Deliberately Flunking Our Ultimate Truth Exams

With a quick nod to my childhood hero Rod Serling, I’ll ask you to please bear with a brief Twilight Zone-like interlude. (For aesthetic purposes, try to limit your visual imagination to black-and-white, and if you can recall Serling’s clipped delivery style as you read, that would help, too.)

“Consider, if you will, a drab, cold classroom in which nearly every student labors furiously over what might otherwise appear to be a simple and straightforward exam. Row after row of wooden desks, neatly arranged, their occupants carefully alphabetized by last name. Particularly striking in this seemingly-ordinary classroom, however, is the vivid contrast between most of the students…and a select few. While several have begun absentmindedly pulling their hair or chewing on their pencils in frustration, there are those few students who, outwardly calm, have long since turned their papers upside-down on their desktops, waiting for the instructor to collect them whenever time runs out. The difference? The pupils in anguish are doing whatever they can to fail the quiz…and this in spite of the fact that the instructor has already given them the correct answers in advance.”

Trying to speak biblical Truth to unbelievers (or believers “acting like” unbelievers) can be a bit like entering a spiritual Twilight Zone; to maintain a position of unbelief, so many seemingly-obvious facts have to be ignored, so many lines of evidence not even given a hearing.

In the course of several recent conversations with believers and unbelievers, the overarching truth of Romans 1:18-25 has risen up in my soul time and again, both as something I quite readily see “out there,” hard at work in our American culture, and as something I reluctantly find still lurking within the shadowy places of my own heart. One of the more logically consistent of these conversations led to a statement that went something like, “You know, I really don’t want to be a Christian, because I know what that will eventually mean for the way I am living my life right now.” I’ll give that person points for honesty and admit that they aren’t alone in their logic; many others have said as much, me included.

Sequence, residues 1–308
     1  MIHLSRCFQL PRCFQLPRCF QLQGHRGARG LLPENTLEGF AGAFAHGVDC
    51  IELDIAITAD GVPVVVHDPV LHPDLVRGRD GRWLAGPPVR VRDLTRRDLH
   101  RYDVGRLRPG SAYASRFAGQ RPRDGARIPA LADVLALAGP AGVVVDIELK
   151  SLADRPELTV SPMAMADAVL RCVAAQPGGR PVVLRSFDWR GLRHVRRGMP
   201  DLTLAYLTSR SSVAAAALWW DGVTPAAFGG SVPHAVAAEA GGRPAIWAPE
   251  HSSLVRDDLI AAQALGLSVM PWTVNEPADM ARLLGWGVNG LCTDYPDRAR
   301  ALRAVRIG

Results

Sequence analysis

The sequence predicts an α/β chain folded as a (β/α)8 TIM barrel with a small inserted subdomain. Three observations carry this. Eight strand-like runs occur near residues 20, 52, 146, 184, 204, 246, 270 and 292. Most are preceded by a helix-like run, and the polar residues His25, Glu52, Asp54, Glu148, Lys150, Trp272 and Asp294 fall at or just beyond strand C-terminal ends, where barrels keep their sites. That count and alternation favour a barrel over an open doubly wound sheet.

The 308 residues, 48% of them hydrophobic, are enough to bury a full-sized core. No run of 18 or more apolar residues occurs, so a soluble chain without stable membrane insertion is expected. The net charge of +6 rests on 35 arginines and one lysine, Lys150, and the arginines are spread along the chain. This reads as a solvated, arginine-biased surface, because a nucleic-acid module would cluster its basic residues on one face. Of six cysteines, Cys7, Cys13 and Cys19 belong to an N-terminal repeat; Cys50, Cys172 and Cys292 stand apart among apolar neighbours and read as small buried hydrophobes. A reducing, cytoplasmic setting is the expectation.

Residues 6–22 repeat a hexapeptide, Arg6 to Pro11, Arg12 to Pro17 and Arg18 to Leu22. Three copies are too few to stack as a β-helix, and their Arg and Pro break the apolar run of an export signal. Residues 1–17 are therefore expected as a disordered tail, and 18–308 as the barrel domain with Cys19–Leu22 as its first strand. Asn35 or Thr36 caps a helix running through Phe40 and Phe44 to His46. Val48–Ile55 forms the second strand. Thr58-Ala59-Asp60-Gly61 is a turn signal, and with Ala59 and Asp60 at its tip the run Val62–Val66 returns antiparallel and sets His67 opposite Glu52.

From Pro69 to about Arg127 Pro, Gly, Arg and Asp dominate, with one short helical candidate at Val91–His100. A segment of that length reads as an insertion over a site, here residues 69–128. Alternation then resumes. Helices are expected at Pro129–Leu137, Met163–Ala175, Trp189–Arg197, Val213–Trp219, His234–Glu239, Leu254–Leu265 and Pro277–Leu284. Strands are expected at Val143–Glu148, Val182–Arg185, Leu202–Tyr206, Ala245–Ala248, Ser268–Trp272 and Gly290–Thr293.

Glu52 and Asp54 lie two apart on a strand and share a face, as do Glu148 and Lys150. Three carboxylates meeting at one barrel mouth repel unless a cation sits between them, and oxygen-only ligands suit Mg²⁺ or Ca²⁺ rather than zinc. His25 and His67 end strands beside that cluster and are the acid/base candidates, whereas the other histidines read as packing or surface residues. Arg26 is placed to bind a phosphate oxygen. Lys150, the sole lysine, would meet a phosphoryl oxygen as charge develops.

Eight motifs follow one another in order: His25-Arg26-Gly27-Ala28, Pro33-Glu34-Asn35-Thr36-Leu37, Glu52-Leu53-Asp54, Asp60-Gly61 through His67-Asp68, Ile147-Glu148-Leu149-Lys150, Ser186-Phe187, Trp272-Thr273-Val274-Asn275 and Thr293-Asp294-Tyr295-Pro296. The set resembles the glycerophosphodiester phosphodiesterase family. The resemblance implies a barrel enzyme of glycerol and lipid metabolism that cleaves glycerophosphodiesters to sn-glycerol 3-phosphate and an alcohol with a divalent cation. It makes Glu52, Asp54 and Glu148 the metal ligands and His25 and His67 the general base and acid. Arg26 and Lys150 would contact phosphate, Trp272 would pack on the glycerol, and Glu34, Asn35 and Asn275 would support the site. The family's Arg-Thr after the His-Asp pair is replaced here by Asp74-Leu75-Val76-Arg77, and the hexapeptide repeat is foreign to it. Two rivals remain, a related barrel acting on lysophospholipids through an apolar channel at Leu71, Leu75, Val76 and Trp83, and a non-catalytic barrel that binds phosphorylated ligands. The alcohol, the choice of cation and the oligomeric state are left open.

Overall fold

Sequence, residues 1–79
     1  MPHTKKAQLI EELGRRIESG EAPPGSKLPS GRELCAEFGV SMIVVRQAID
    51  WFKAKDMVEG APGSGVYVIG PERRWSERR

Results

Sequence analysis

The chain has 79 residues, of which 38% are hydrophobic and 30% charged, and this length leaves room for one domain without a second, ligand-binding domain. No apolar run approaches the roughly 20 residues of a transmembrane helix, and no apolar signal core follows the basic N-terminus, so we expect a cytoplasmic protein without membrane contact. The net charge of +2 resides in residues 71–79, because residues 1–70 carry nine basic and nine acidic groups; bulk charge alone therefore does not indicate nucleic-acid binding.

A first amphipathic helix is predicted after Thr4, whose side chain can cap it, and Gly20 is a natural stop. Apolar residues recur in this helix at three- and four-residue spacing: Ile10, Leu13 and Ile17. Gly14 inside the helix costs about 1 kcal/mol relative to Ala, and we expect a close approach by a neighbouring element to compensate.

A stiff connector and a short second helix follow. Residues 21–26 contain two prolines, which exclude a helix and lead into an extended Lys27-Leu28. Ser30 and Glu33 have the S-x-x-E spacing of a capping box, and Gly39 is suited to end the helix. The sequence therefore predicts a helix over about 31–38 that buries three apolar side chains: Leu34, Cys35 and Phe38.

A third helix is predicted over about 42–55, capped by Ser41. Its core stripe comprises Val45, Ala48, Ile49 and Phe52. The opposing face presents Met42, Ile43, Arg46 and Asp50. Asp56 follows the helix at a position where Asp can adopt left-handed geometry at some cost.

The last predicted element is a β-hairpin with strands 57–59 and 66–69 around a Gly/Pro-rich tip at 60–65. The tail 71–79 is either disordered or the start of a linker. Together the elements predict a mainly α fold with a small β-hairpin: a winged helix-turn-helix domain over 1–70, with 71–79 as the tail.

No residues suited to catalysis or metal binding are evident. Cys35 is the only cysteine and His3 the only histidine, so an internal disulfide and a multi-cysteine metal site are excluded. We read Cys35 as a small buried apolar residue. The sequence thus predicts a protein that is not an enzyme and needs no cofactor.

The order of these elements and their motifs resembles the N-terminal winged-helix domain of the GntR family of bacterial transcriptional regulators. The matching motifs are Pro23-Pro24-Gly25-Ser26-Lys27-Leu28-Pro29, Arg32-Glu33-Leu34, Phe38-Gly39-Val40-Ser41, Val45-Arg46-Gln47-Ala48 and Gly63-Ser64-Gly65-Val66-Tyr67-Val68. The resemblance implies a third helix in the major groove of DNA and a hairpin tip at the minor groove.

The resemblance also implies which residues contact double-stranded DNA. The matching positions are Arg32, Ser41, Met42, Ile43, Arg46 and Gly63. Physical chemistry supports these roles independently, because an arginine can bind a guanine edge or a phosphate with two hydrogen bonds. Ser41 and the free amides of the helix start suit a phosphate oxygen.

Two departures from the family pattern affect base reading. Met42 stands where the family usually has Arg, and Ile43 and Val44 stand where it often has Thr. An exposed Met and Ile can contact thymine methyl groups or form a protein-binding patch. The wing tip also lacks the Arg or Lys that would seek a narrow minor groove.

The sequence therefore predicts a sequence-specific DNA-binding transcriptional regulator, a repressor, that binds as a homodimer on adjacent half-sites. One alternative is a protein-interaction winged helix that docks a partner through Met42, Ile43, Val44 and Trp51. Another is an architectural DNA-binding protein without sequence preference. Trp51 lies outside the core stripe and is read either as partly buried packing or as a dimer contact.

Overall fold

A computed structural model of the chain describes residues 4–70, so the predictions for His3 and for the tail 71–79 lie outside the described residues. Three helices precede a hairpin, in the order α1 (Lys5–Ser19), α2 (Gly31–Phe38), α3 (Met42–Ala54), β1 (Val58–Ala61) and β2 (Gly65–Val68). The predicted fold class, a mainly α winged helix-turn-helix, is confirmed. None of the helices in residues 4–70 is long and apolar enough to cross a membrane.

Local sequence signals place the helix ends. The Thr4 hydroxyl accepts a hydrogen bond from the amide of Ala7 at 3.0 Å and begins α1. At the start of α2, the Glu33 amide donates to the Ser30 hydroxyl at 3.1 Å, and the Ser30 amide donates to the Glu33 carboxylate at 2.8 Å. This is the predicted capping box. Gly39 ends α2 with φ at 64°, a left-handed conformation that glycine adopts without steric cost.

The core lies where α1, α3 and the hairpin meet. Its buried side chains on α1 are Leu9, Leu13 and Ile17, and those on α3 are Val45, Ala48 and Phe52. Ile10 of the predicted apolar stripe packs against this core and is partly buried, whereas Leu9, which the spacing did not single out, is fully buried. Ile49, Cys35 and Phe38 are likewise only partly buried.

In one of his sermons several weeks ago, Keith Simon mentioned a well-known quote from Aldous Huxley, the “Brave New World” novelist who famously said, “I want this world not to have meaning, because a meaningless world frees me to my own erotic and political pursuits.” While we can also admire Huxley for his astonishing level of honesty, we should also have pity and compassion for him and all those like him, as they deliberately set out to destroy the signposts of eternity that God has mercifully and graciously placed everywhere (Romans 1:19-20). Just like those imaginary Twilight Zone students, doggedly determined to fail their quiz, those who would deny the Lordship of Christ over all humanity and all of history have constrained themselves to always look downward at their own work, never once allowing their “spiritual eyes” to drift away from their presuppositions, or look up, where they would clearly see the exam answers posted plainly.

In many ways, I feel a real kinship with those who would choose to ignore the obvious and deny God’s existence. To acknowledge an all-powerful Creator God threatens our own autonomy. This is what Huxley was saying – a world without meaning gives us freedom to be our own gods, determining what is good and right in our own eyes.